I have encountered a number of arguments by claimants including that they are entitled to make new offers in the Part B form and furthermore this should have Part 36 consequences because 36.26 states that a Protocol offer is deemed made on the first business day after the Court Proceedings Pack is sent to the Defendant. The Defendant is required by 7.67 and 7.68 of the Pre-Action Protocol to check that the Court Proceedings Pack contains accurate details within 5 days of its receipt.

 

Why the above approach is incorrect

I have successfully argued against the above arguments by Claimants. Whilst the deemed date of the offer is the first business day after the Court Proceedings Pack is sent to the Defendant, the commentary provided at 36.26.1 states that “it would not be wholly accurate to say that a final offer is made at the time with the Form is sent by the claimant to the defendant. Rather it is recorded there after negotiations between the parties have been completed…

The Part B form should only contain offers which have been communicated (specifically on the Stage 2 Settlement Form) at Stage 2:

  • Rule 36.25 quite clearly is a two part test and claimants cannot ignore the second limb of that test which clearly refers to final offers previously made;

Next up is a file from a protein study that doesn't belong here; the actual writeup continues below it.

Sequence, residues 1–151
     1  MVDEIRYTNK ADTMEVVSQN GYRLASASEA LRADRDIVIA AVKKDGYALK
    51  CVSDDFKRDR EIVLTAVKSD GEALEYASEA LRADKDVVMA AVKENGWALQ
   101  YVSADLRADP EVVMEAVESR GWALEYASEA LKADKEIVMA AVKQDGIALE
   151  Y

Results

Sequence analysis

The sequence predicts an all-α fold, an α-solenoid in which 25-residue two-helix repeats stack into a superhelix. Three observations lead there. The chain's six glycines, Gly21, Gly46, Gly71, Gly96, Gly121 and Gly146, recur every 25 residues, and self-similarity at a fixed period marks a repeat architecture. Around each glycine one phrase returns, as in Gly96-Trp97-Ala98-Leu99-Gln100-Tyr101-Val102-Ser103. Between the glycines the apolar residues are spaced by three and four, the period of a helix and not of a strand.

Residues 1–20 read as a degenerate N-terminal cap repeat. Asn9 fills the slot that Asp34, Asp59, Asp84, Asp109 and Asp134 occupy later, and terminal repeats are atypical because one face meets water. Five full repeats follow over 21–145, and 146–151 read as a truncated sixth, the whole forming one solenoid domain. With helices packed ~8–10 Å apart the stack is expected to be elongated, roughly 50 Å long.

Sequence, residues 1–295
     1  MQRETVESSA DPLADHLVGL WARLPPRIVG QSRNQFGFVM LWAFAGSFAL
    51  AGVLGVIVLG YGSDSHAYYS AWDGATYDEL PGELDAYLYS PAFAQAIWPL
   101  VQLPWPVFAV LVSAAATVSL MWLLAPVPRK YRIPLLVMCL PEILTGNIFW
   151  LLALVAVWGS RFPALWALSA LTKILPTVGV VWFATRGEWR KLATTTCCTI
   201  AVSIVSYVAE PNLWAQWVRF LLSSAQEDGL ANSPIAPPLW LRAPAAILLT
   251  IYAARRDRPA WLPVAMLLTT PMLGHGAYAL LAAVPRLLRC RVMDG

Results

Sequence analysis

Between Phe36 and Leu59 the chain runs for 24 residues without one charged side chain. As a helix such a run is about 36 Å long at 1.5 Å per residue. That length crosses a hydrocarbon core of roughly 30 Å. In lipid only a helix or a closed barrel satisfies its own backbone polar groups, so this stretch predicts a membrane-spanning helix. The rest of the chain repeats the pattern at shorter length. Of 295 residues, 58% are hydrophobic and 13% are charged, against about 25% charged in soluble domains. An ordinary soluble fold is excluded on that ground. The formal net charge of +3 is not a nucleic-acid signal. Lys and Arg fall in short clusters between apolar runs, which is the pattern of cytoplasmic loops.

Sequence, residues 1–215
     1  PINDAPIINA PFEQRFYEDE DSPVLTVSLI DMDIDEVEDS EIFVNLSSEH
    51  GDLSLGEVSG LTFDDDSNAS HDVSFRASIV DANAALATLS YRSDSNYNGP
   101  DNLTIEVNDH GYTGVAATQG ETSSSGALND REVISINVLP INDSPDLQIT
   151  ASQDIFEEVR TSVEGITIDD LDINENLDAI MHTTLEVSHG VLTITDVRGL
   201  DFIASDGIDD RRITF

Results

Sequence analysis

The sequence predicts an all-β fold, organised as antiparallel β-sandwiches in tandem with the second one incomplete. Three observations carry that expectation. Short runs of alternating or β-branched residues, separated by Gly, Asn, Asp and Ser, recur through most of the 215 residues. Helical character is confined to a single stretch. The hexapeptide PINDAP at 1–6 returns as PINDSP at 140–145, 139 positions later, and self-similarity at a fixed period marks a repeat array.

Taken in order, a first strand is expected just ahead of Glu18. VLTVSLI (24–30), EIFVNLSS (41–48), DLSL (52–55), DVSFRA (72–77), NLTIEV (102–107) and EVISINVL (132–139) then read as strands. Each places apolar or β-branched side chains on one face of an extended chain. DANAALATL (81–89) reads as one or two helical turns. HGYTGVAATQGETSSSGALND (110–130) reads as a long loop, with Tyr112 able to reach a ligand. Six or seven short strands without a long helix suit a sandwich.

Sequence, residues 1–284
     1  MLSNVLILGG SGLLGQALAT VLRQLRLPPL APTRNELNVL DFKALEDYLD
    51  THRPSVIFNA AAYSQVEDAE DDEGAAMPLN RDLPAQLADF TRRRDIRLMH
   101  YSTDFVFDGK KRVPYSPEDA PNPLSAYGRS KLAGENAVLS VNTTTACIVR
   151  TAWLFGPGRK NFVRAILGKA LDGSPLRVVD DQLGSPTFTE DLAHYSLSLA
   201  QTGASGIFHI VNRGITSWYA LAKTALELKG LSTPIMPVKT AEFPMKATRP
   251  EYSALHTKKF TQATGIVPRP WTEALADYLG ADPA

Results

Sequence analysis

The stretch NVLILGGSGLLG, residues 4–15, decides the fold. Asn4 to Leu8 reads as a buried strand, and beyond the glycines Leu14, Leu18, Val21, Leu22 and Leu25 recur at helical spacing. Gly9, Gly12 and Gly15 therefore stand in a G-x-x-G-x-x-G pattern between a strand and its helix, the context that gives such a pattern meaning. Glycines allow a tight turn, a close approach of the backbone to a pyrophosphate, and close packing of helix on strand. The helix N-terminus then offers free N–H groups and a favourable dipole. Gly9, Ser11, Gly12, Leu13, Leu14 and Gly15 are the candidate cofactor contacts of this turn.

• Paragraph 7.64 of the Pre-Action Protocol states that the Court Proceedings Pack (Part A and Part B) Form must contain “in Part B, the final offer and counter offer from the Stage 2 Settlement Pack Form and, where relevant, the offer and any final counter offer made under 7.53 (vehicle related damages);
  • The Stage 2 process is designed to enable the parties to engage in open negotiations in order to settle the claim without further costs. This stage would be undermined if parties were able to add new offers at Stage 3, where the greater proportion of the fixed costs are awarded, and benefit from Part 36 consequences.

Parties are able to make revised offers at any point, however, the above must be complied with in order for rule 36.29 to apply.

 

Who bears the burden of proof?

One further regular issue arises at Stage 3 hearings: who bears the burden of proof regarding what offers have or have not been made? Defendants often put claimants to proof if they have matched or beaten the offer in the Part B form.

There is no guidance on this in Part 36, but in my view “he who asserts must prove”. If a defendant is simply putting to proof rather than denying that any offers have been made, then it must be for a claimant to establish their offer was properly made in order to obtain the benefits.

This should simply be a case of obtaining the Stage 2 Settlement Pack, however currently advocates at the hearings are rarely provided with this. It would certainly be helpful to both claimant and defendant advocates if this was included in their instructions.

 

Kate Wilson is a member of Park Square Barrister’s personal injury, civil fraud and commercial teams. She is regularly instructed to represent parties in disposal hearings, including Stage 3 hearings.

To book Kate, please contact her clerks Fran or Talia on 01132 459763.

[1] CPR r 45.19(2A)(a)